Headteachers speaking at an event attended by senior government officials have lashed out at "crippling" cuts, with one saying he will resign rather than make the savings required of his school.
School heads and governors attending the event in London vented their anger at the £3 billion of savings that schools have been told to make by 2020, on the day that the government announced that £500 million would be available for setting up free schools to help to create a new generation of grammars, as well as maintaining existing buildings.
Attendees watched a presentation about the planned national funding formula, given by Tony Foot, education funding group director at the Department for Education.
In the question-and-answer session that followed, Richard Slade, headteacher of Plumcroft Primary School in Greenwich, south-east London, said: "The reality, from my point of view, just to deliver a balanced budget, is I’m not replacing staff that leave, I’m not allowing external supply to cover sickness, we’re cutting our support for special needs."
The school is predicted to lose nearly £400,000 by 2020 as a result of the national funding formula and real-terms cuts, he said at the Westminster Education Forum conference on school funding.
"If I’m going to deliver those kinds of cuts, standards are going to fall, the needs of the most vulnerable aren’t going to be met and there’s a point where my school isn’t going to be safe because I physically won’t have enough adults in a large school," he said.
"I believe that’s unacceptable. If I’m required to do that, there’s a point where I’m going to stand by my principles on a moral imperative – and I love what I do, and I’m good at what I do…but there's a point where resignation is the only option."
Mr Slade warned that the cuts were "crippling schools", adding, "There’s a point where I will have no alternative – because I’m not going to implement that level of cut – to resign."
'Headteachers will walk way'
He continued: "Having spoken to a lot of headteachers, they're in their mid-50s, they’re saying, ‘Why would I wish to oversee the decimation of our schools?' It’s just unacceptable, therefore you’re going to have a headteacher recruitment crisis coming because headteachers are going to refuse to implement [the cuts], and walk away.
"I’ve spent 20 years working within the system…but there’s a point where if headteachers like me are coming out of the woodwork, people need to listen, and hopefully we need to get proper funding into the system, making our schools truly world-class."
Malcolm Richards, chair of the Worcestershire Association of Governors, also voiced his concerns at the conference, saying: "We’re having to make hard decisions now – teachers’ jobs are at stake."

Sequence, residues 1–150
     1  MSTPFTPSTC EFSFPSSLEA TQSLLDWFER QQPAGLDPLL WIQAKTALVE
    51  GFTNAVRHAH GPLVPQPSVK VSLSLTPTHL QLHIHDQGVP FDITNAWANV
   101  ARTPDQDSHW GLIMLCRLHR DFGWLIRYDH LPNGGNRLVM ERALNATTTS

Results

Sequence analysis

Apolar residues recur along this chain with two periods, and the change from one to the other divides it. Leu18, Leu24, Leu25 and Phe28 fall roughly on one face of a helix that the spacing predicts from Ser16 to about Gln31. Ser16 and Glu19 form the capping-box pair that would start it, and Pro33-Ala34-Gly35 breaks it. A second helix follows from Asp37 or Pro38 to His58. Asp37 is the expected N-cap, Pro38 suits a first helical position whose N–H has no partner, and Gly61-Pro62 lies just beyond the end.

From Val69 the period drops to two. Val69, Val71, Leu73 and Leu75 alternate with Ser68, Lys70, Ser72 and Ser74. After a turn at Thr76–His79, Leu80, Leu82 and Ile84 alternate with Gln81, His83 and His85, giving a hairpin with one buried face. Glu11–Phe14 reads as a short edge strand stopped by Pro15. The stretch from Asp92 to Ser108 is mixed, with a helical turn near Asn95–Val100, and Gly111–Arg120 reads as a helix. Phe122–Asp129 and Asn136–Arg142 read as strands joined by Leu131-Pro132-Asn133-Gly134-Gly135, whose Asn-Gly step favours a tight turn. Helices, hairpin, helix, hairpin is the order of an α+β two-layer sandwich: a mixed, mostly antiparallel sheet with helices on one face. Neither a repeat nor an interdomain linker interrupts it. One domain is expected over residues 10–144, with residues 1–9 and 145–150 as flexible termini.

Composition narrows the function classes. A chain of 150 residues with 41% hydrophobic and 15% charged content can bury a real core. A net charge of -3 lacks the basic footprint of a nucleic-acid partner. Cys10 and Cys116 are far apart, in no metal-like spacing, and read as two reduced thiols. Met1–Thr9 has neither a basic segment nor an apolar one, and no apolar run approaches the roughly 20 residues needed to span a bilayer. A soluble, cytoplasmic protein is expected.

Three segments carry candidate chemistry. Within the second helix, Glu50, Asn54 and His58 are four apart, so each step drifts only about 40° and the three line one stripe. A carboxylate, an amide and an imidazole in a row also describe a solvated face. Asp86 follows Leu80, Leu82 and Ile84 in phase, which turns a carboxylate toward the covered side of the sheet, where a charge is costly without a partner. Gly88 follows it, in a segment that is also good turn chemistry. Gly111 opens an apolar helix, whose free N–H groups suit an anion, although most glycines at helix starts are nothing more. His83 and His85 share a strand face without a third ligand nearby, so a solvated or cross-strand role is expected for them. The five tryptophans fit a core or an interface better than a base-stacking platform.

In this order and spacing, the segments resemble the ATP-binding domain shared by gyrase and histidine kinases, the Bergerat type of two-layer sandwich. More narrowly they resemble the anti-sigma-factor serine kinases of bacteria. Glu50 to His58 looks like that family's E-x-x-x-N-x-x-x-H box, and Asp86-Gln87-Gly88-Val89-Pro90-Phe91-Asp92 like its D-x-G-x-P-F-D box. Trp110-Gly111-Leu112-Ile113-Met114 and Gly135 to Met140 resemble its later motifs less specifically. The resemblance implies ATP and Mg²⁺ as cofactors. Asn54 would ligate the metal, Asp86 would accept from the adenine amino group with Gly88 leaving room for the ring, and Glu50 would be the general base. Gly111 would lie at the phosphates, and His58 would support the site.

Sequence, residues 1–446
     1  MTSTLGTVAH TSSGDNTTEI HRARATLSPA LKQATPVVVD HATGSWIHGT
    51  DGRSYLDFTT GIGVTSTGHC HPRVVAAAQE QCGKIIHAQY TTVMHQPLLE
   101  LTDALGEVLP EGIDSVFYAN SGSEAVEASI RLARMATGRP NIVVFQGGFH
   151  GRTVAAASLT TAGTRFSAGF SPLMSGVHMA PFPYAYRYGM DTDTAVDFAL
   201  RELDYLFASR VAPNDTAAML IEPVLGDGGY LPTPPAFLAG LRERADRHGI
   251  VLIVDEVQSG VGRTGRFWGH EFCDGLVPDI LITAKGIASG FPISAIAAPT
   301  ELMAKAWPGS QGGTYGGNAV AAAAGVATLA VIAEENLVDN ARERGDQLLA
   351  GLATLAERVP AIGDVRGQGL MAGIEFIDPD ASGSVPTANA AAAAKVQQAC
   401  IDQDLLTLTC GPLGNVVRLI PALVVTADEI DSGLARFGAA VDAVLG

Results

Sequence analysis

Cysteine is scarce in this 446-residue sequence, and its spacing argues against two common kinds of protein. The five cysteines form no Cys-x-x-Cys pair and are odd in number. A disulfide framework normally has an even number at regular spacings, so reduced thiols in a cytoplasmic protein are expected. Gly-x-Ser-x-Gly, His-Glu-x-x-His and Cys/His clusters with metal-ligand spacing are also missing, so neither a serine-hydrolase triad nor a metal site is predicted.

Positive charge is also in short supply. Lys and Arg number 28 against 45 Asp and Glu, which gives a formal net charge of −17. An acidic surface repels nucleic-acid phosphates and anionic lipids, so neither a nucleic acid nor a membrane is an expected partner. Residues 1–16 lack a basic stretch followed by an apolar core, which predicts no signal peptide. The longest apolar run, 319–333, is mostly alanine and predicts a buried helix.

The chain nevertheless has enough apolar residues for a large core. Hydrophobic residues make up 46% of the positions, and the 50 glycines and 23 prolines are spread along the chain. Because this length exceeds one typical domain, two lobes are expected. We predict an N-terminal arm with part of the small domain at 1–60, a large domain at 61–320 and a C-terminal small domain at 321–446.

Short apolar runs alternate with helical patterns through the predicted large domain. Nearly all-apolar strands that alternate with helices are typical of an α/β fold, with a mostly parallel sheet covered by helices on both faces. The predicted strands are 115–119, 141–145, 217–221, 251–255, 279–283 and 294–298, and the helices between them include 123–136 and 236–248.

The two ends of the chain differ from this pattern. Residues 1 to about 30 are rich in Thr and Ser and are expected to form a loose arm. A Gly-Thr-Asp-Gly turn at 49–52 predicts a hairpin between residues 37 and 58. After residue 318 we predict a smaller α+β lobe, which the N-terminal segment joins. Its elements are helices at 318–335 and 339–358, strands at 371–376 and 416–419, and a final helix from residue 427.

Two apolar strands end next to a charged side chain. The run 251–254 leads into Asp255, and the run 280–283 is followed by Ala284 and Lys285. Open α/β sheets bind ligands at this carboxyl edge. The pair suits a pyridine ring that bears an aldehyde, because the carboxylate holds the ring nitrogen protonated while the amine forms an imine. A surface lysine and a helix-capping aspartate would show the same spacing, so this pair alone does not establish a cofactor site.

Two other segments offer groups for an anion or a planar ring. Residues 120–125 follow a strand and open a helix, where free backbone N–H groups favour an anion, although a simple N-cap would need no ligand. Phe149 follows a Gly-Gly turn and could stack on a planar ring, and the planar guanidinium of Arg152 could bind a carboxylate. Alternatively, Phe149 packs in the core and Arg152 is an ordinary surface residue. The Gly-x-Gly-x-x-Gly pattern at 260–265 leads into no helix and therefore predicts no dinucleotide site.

Responding to Mr Richards' comments, Mr Foot said a distinction needed to be drawn between the funding formula and the overall amount of money being allocated to schools by the government.
He added: "There are lots of pressures on school funding, albeit off the back of very large increases in recent years. We’re providing some help to try to address some of those pressures – national deals on utilities and so on."
However, National Governors' Association chief executive Emma Knights argued during a later session that most schools had already made the sorts of efficiencies being highlighted by the government.
"We do a lot of work with our members to raise those issues of efficiencies… but, quite frankly, large numbers of schools around the country have already done that – sorting out their energy supply, their photocopying contracts.
"The issues that we’re having reported to us aren’t going to be solved by those sorts of things – they’re much more substantial issues."
Patrick Foley, headteacher at Southborough Primary School in Bromley, south-east London, told the meeting that all primaries in his local authority will lose out financially under the formula, which is set to be introduced from 2018-19.
He said: "I’ve looked at my budget. I haven’t got 3 per cent of efficiency cuts in my budget. The percentage I spend on staffing doesn’t enable me to have those cuts.
"I’m going to have to make choices as every head up and down the land is going to."
Mr Foley added that heads had to ask themselves whether the cuts were "justifiable".
He said his school had a high level of pupils on Common Assessment Frameworks (CAFs), which provide extra support for children with additional needs. The school was picking up the costs due to the squeeze on social care budgets. He warned: "But it’s unsustainable if I carry on paying for that, and that will have an impact nationally on those children."